Q. What sort of audience are you hoping these essays will reach?
A. These are research essays that will attract attention from researchers in particular — Masters students through to established scholars. But the interested life-long learner can also delve in with profit.
Q. In view of the fact that Cambridge had already, twice over, produced the Cambridge History of the Bible, how does this volume help us fill in the gaps that are evident in those volumes?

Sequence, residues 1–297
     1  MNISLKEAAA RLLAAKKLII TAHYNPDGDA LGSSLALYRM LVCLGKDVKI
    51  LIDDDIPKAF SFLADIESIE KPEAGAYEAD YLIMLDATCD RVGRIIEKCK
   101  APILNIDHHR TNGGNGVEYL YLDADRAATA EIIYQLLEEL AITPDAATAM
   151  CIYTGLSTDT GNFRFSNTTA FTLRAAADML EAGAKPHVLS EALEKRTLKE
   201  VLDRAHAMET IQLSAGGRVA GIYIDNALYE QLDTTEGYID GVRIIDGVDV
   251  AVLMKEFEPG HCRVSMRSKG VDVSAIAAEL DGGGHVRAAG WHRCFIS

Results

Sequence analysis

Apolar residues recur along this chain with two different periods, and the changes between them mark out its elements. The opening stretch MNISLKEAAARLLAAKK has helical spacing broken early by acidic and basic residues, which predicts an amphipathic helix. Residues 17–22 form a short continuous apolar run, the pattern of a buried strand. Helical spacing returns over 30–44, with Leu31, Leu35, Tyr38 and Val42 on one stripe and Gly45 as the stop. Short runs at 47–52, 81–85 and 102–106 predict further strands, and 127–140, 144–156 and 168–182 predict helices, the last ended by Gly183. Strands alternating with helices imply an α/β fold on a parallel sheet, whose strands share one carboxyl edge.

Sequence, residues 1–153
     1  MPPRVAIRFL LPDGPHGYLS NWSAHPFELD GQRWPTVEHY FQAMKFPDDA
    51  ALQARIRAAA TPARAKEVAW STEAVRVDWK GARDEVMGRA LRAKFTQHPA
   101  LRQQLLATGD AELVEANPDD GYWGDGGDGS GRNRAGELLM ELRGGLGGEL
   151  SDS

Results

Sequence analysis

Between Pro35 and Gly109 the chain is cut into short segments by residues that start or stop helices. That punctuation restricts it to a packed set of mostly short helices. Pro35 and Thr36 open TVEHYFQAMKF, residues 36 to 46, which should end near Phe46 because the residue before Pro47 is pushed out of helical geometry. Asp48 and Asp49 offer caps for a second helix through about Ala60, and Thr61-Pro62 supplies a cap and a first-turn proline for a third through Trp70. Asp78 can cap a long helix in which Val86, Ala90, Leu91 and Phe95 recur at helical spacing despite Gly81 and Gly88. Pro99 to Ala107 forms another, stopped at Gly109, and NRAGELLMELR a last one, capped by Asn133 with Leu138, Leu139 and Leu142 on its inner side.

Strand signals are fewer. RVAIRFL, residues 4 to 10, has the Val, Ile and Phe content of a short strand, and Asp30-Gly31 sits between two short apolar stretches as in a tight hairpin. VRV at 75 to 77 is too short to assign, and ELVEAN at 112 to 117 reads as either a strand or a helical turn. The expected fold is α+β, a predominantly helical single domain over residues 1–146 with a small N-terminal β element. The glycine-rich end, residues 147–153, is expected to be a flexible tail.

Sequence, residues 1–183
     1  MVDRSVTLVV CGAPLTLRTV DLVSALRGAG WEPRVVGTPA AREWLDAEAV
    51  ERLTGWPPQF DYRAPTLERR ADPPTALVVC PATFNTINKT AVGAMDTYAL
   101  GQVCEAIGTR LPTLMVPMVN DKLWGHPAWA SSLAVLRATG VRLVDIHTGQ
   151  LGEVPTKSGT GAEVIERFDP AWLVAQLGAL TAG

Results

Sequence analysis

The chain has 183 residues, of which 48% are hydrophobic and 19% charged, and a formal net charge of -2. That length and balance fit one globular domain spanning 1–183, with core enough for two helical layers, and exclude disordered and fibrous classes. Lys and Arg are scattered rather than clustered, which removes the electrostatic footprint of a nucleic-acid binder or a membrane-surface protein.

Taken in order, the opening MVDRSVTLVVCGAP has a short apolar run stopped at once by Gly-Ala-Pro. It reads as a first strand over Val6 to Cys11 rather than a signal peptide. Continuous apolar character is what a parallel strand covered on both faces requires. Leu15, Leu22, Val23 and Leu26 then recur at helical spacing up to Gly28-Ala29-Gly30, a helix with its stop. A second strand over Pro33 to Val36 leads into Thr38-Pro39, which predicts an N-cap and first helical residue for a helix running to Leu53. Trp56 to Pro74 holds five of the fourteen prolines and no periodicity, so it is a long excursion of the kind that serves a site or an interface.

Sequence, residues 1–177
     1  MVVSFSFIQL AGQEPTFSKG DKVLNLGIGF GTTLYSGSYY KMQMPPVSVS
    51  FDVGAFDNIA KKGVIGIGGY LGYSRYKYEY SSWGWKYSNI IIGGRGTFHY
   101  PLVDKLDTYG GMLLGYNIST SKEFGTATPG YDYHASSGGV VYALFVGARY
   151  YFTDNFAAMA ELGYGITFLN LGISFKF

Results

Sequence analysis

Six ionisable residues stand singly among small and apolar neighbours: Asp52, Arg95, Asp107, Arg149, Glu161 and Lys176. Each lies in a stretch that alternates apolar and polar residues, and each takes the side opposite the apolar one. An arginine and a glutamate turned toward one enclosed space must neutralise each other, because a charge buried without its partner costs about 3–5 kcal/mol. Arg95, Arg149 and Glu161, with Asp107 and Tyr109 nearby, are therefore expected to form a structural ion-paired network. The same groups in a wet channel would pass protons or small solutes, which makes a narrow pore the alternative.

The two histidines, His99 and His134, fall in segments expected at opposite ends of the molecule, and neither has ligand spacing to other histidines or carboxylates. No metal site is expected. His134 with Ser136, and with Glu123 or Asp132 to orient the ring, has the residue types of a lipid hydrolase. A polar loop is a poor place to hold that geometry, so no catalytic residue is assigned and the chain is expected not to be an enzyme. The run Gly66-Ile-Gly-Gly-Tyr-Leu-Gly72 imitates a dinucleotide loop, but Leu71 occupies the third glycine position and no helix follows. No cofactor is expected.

A. Our goal for this project was not to do a “coverage” volume where a reader is introduced to anything and everything of relevance in the study of “ancient Christianity.” Nor did we want to fill gaps evident in other volumes. We wanted, instead, to look at issues that have received attention in recent years and to foreground those issues in particular. There has been a lot of movement in the study of ancient Christianity and this volume focusses in particular on some of those issues. We couldn’t hit them all, but we hit over two dozen of them. Besides the topics I have already mentioned, those issues include: rhetoric and identity in the early heresiologists; Jesus remembered; Paul remembered; Peter remembered; Jews and Christians; Christians and classical education; scriptures and scriptural interpretations; socioeconomic analysis; Roman imperial ideology; martyrdom accounts; Christian material culture; New Testament manuscripts; creational theology; trinitarian theology; resurrection and deification; eucharistic theology; ecclesial offices; gender; slavery; wealth and poverty; and power and authority among the living and the dead. So the volume testifies to the vibrancy of recent work in the study of ancient Christianity.